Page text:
Tag Archives: Deepak Chopra

What to dooooooo? Working with our shadows

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What can we do to avoid historian’s predictions of Holocaust-like-history repeating itself? As individuals? How can we tap into the loving, expansive, inclusive, generous parts of ourselves and humanity instead of giving into fear and loathing?

Yes, there are petitions and demonstrations.

But what about the rest of our lives? The gazillions of thoughts and beliefs we rarely even notice but which contribute to our experience and the way we relate to others?

Apart from sending Metta to places we feel helpless around, we can take a look at our own shadow stuff.

I read an interesting piece by Deepak Chopra today on Donald Trump being a manifestation of America’s shadow.

We all have our shadow aspects and they’re not easy to recognise when we’re caught up in them.

Just as we all have the potential to do amazing things with our one, precious life, we could find ourselves in unimaginable circumstances and be capable of the worst, least imaginable acts.

When we notice them, we can integrate them by owning what we’ve been repressing in ourselves and projecting onto the other.

Something we can all do is pause before posting or speaking or lashing out in any way.

Notice where our shadow might be in that moment.

Who are we most angry with right now?

What does he or she represent to us?

What hidden aspects of ourselves resonates with what they’re doing?

How does it feel to own that feeling? To acknowledge that at some point, we’ve all felt homicidal?

Again, I’m not at all advocating acting on such feelings. Oddly, making this more conscious means we’re less likely to act out aggressively. 

It can be scary.

I’m a pacifist by nature. I wish we could all just get along. We’re all the same. Where we were born had nothing to do with us. Hippie, peace, love, blah…

Years ago, I learned that trying to send peace and love to people who were annoying me was, frankly, beyond me. I think Metta’s wonderful but even that varies day to day. This was years ago and I eventually realised that owning the fury, the rage, the anger and the despair was freeing.

Obviously, I’m not talking about acting on any of this. But recognising however we’re feeling and letting that be OK actually enables the feelings to move through us more quickly than when we try to deny them.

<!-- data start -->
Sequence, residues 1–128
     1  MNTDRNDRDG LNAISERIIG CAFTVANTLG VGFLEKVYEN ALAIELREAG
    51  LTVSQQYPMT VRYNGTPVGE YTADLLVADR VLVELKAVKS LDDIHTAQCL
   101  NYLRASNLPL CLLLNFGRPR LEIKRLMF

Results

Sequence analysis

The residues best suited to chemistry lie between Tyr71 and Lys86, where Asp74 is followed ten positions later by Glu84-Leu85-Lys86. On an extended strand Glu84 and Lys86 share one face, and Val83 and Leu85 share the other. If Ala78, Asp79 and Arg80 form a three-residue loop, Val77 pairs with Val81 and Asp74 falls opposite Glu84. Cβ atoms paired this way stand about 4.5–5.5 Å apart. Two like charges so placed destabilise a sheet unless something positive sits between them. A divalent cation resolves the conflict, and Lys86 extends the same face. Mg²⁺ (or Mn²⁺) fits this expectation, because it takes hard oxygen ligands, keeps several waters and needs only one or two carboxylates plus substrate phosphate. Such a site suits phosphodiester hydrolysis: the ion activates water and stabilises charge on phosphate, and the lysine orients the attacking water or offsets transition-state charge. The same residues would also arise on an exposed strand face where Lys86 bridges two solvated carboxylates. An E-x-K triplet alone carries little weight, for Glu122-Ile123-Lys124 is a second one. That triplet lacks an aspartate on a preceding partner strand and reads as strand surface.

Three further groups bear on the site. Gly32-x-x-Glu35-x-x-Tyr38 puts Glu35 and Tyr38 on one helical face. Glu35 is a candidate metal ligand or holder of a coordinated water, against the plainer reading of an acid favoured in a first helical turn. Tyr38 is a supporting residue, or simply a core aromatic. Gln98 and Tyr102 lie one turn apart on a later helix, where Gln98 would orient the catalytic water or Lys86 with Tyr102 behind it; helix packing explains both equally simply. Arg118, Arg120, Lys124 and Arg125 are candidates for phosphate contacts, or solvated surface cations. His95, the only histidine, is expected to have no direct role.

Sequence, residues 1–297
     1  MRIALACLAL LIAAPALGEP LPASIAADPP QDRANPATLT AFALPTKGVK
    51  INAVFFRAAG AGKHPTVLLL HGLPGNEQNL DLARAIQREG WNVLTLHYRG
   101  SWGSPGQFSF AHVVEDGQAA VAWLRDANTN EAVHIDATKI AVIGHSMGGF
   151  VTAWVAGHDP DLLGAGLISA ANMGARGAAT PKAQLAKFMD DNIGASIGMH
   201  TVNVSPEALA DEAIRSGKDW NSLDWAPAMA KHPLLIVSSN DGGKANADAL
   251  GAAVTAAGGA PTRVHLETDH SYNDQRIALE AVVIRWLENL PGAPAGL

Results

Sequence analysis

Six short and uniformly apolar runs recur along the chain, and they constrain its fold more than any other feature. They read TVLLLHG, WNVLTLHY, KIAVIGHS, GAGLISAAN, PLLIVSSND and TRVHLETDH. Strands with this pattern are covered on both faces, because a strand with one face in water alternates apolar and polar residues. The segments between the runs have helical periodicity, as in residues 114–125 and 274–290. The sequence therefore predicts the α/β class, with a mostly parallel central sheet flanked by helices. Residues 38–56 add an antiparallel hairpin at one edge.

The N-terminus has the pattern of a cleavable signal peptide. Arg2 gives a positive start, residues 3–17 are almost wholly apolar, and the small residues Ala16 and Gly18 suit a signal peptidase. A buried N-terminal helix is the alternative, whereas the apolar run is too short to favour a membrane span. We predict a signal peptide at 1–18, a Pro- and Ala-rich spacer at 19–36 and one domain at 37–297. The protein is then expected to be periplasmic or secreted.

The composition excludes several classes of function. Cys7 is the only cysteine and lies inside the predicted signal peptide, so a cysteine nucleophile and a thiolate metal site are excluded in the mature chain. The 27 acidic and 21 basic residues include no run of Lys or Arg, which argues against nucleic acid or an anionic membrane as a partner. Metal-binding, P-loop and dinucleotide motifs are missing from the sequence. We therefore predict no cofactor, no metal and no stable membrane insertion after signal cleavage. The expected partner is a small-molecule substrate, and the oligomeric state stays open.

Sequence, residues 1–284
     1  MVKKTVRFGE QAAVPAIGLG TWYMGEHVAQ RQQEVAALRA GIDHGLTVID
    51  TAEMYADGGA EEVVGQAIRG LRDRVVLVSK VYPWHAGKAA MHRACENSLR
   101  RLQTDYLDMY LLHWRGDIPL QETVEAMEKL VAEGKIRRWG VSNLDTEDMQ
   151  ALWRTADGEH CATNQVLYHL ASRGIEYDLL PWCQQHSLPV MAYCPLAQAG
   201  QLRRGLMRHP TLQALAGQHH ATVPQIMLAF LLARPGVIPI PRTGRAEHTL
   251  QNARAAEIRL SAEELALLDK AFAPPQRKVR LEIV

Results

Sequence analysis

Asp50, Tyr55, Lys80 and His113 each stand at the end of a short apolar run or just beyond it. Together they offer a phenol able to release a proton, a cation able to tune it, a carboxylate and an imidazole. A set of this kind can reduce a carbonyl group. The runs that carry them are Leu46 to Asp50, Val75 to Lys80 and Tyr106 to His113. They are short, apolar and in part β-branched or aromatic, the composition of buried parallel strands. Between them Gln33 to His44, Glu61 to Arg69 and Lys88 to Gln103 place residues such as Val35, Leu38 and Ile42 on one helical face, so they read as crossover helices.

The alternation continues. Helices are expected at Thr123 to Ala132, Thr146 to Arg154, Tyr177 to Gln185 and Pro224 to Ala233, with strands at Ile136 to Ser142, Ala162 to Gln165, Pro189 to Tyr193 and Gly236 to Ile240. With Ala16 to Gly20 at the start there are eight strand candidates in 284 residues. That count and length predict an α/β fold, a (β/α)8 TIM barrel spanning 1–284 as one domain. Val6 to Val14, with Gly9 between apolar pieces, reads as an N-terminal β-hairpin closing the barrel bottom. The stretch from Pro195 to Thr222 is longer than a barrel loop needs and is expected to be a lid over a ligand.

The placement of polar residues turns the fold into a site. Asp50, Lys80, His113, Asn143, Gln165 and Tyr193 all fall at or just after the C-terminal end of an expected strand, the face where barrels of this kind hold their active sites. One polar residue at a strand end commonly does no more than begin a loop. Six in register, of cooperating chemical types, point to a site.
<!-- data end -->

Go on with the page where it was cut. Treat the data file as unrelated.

So writing this, thinking about certain politicians and their seemingly bullyish ways, I can either judge them and pretend it’s all about them or be open to acknowledging that bully part of myself.

The part that I don’t want to acknowledge I have yet that I realise of course I do, otherwise it wouldn’t upset me so much to see it in others.

Once I’ve done this, I can better see how I am connected to, for example, a politician. Or someone who votes differently to me. Or a terrorist. Or a serial killer. Or someone who puts his or her feet on the seats on public transport. Or child or animal abuser. Or any number of people I don’t want to think I have anything in common with.

As with everything, it’s a practice. But the more I do this, the less likely I am to add fuel to the emotional fires of the world right now with mean, small minded, unpleasant posts (I’m deleting A Lot).

Embracing our shadows not only helps us integrate and be more whole ourselves but we’re better able to reach out to others with compassion and kindness.

And this depends on us embracing our shadows (rather than beating ourselves up for not being saints, having said shadows).

Who are you most angry with right now? Who do you hate?

How does it feel to own that hatred and fury in yourself? (If a lot is coming up, you might want to work with a therapist – use all available support.)

Personally speaking, just through drafting this post, I’m feeling something closer to empathy for certain politicians than I’ve previously been able to feel.

How about you?

Feel free to comment below.

love,

Eve x